The Dar es Salaam plant contains two transformers of 23MW each producing 46MW at full capacity that the company expects to be consuming. The company will be using 43-46MW of power, making ARM Tanga plant the largest consumer of electric power in Tanzania.
 “For a business to thrive, one has to have the right people from the engineers to public relation managers or marketers who exhibit same vision and mission for the company as you. Leadership is bringing progress in the society either at business or government level. A leader connects with people, motivates people, or even energizes people to ensure they have a common purpose,” he concludes.
Representing manufacturers

“KAM is an organisation whose key mandate is to influence government policy and decision making through research, advocacy to advance the interest of manufacturing industries in Kenya on a competitive basis. This ensures there is a level playing field and at the same time helps the government to provide manufacturers and the private sector with resources to make investments, improve productivity and exports in order to benefit the Kenyan manufacturing industry as well as the private sector,” says the current chairperson, Pradeep.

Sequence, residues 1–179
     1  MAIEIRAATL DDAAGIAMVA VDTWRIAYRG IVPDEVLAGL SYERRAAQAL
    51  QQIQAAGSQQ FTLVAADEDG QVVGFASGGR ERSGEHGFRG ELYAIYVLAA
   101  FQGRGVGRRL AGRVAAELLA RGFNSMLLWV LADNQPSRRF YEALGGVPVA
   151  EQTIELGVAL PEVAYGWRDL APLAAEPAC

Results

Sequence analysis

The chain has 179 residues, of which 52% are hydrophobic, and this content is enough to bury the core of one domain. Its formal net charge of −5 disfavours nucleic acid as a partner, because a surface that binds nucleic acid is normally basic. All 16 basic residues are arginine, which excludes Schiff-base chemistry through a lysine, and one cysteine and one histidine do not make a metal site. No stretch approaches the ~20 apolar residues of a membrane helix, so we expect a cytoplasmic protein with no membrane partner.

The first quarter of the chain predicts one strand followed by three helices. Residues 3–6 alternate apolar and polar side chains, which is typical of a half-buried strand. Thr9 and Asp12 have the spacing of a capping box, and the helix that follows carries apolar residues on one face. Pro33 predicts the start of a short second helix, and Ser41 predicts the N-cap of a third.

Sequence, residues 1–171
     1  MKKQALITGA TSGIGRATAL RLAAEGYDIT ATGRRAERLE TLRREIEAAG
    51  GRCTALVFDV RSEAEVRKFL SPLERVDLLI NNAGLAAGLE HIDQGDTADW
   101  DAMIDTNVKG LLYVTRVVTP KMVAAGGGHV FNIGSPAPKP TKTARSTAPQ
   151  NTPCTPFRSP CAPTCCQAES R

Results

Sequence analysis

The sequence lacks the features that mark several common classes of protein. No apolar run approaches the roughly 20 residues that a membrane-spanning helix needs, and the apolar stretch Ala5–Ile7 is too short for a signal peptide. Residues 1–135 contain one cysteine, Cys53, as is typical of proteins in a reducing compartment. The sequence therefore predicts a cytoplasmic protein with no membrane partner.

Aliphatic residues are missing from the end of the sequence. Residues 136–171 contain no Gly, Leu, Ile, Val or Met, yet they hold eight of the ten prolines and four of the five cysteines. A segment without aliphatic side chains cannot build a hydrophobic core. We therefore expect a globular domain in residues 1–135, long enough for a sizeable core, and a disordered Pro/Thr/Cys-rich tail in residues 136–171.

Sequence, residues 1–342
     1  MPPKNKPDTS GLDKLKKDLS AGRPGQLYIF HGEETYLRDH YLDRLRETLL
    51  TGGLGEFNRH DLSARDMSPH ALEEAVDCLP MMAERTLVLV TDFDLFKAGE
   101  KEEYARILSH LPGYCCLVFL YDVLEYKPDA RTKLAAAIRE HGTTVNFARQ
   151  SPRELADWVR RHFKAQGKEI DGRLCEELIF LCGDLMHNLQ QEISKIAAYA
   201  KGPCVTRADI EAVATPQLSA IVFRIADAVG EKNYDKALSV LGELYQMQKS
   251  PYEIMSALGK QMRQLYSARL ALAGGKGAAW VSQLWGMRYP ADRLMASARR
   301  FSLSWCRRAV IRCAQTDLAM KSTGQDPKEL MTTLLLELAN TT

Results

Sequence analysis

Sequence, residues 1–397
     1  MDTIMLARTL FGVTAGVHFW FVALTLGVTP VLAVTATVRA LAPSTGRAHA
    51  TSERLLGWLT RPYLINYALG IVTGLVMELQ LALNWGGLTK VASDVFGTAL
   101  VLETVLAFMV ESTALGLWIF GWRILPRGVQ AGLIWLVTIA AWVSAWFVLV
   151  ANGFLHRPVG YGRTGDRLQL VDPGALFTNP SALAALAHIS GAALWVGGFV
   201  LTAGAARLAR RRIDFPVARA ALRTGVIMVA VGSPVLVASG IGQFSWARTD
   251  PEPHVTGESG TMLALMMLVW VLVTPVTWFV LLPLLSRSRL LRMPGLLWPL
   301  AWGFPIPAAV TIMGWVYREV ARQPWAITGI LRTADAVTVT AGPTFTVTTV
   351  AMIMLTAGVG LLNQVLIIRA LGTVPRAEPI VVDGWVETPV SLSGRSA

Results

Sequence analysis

He further explains, “KAM is the umbrella body for manufacturers in Kenya and adhere to World Trade Organisation rules. The recent factory closures like Cadbury and Eveready is a major concern to the Association. Some industrialists are moving to Egypt due to availability of cheaper sources of power than Kenya. The cost of doing business in Egypt is more affordable than here in Kenya. In general, Egypt provides a good environment to work in than Kenya, unfortunately. Goods produced in Egypt can then be sold to East Africa through the Common Market for Eastern and Southern Africa (COMESA) without any tariffs. The associated transport costs still do not harm the profit margins. Therefore, KAM is seeking for ways that can make Kenya’s manufacturing sector as competitive as Egypt.”
He observes that Kenya can be competitive by encouraging skills development. There is need to develop skills that fit in with those demanded to improve industrialisation. This calls for practical or technical training to students and graduates to improve labor services in the country. This can be achieved through partnerships between the government, academic institutions, and the private sector with the academic institutions.